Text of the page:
Friday, 21 August 2015

Long Call Butterfly


Long Call Butterfly is one of the sideway strategies employed in a low volatile stock. It usually involves buying one lower strike call, selling two middle strike calls and buying one higher strike call options of the same expiration date. Typically the distance between each strike prices are equal for this strategy.
Combining two short calls at a middle strike and one long call each at a lower and upper strike creates a long call butterfly. The upper and lower strikes (wings) must both be equidistant from the middle strike (body), and all the options must have the same expiration date.
You may also execute the Long Butterfly strategy using all puts options. When all puts options are used, it is referred to as the Long Put Butterfly strategy. As to whether a butterfly strategy should be executed using all calls or all put options depend on the relative price of the option. The premium of both puts and calls option should be taken into consideration to achieve the optimum trade
 
Market Outlook
 Neutral around Strike

Summary
This strategy generally profits if the underlying stock is at the body of the butterfly at expiration.
Breakeven:

· Upside Breakeven = Higher Strike less Net Premium Paid

· Downside Breakeven = Lower Strike add Net Premium Paid.

 
Advantages and Disadvantages
 

Advantages:

·         Ability to make profit from a range bound stock with relatively lower cost outlay.

·         Limited risk exposure compare to Short Straddle strategy when the underlying stock moved beyond the breakeven point on expiration date.

Disadvantages:

·         The profit potential only come from the narrow range between the 2 wing strikes.

·         Bid/Ask spread from the various option legs may adversely affect the profit potential of the strategy
 

 

 

 

 

Wednesday, 12 August 2015

Saturday, 8 August 2015

Friday, 7 August 2015

Thursday, 6 August 2015

TATAMOTORS STRANGLE STRATEGY FOR AUGUST 2015

BUY 1 LOT TATAMOTORS 350 PUT @ 4.7
BUY 1 LOT TATAMOTORS  410 CALL @ 4.9
COST=9.6
TOTAL RISK  = 4800
RETURN = UNLIMITED
UPPER BREAK GIVEN POINT=414.9
LOWER BREAK GIVEN POINT=346.3
Pay off table:

Thursday, 30 July 2015

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Wednesday, 22 July 2015

Advantages of Options


Options can provide these advantages to your portfolio
Cost Efficiency Options have great leveraging power. As such, an investor can obtain an option position that will minimize a stock position almost identically, but at a huge cost savings.
Higher Potential Returns you don't need a calculator to figure out that if you spend much less money and make almost the same profit, you'll have a higher percentage return. When they pay off, that's what options typically offer to investors.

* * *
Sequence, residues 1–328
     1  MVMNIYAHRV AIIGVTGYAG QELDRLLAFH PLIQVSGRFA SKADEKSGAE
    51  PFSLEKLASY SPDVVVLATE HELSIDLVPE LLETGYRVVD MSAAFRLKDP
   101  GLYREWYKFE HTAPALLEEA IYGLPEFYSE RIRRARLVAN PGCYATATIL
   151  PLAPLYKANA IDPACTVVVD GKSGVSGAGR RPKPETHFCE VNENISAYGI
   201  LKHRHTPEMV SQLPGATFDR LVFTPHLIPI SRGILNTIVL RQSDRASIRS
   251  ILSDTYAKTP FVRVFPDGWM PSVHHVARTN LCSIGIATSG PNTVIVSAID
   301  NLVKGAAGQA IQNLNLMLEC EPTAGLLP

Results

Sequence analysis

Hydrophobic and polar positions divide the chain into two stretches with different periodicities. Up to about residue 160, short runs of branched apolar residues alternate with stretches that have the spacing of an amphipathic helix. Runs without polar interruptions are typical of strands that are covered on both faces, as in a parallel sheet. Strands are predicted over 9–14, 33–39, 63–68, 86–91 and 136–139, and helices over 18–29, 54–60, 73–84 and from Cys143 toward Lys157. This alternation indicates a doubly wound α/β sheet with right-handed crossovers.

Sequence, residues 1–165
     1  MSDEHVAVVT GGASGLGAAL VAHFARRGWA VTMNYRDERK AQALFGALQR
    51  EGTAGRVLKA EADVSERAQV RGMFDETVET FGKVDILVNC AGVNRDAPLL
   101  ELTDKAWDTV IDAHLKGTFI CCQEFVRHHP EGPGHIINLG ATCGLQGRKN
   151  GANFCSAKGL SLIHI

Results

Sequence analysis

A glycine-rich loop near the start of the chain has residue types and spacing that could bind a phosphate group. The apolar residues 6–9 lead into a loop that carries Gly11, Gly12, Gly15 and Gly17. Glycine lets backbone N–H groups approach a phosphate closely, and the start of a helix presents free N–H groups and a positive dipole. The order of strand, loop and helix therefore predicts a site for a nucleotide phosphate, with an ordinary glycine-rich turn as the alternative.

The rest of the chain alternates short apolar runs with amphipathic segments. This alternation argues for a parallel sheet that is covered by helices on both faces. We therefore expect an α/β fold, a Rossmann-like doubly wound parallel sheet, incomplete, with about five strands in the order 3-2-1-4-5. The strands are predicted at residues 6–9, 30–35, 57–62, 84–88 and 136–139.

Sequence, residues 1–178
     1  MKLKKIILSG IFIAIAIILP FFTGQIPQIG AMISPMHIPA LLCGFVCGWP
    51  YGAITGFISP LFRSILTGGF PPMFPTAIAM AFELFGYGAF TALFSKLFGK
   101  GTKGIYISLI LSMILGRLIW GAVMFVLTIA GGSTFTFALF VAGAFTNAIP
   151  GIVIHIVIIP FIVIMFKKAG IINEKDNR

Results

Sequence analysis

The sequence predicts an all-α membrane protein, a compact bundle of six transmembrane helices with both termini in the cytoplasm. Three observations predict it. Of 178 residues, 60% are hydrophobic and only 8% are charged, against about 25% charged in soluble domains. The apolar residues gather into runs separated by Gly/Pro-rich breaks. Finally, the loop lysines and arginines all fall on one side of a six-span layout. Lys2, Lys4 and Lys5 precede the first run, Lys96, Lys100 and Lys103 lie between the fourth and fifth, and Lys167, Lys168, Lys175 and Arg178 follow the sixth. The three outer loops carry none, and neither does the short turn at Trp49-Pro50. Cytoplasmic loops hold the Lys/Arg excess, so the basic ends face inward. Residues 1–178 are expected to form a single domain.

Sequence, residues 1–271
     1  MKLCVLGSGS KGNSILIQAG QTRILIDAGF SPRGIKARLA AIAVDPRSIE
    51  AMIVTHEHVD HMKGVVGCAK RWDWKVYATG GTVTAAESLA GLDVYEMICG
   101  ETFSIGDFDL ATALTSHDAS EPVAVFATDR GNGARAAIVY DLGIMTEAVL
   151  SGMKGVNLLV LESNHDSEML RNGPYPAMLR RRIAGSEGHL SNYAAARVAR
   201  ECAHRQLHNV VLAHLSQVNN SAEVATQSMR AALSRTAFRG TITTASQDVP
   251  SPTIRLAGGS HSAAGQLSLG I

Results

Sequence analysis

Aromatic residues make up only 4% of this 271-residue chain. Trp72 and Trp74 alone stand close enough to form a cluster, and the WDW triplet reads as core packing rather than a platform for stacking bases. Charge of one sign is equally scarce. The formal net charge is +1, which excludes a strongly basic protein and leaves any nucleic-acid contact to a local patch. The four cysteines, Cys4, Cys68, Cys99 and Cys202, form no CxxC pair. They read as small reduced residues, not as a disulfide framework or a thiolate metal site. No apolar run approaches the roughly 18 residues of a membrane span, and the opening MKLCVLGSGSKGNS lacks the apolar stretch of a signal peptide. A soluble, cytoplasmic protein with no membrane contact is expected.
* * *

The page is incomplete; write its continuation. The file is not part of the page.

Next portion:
Flexibility Options can be used in a wide variety of strategies, from conservative to high-risk, and can be tailored to more expectations than simply "the stock will go up" or "the stock will go down."
Hedging Options allow investors to protect their positions against price fluctuations when it is not desirable to alter the underlying position.
Volatility The use of options also allows the investor to trade the market's "third dimension" Options allow the investor to trade not only stock movements, but also the passage of time and movements in volatility. Most stocks don't have large moves most of the time. Only a few stocks actually move significantly, and then they do it rarely.

 
 

Tuesday, 21 July 2015

BULLISH TRADING STRATEGIES

Bullish Trading Strategies
Bullish strategies in options trading are employed when the options trader expects the underlying stock price to move upwards. It is necessary to assess how high the stock price can go and the timeframe in which the rally will occur in order to select the optimum trading strategy. 
Very Bullish
The most bullish of options trading strategies is the simple call buying strategy used by most novice options traders.
Moderately Bullish
In most cases, stocks seldom go up by leaps and bounds. Moderately bullish options trader usually set a target price for the Bull Run and utilizes bull spreads to reduce risk. While maximum profit is capped for these strategies, they usually cost less to employ.
Mildly Bullish
Mildly bullish trading strategies are options strategies that make money as long as the   underlying stock price does not go down on options expiration date. These strategies usually provide a small downside protection as well. Writing out-of-the-money covered calls is one example of such a strategy.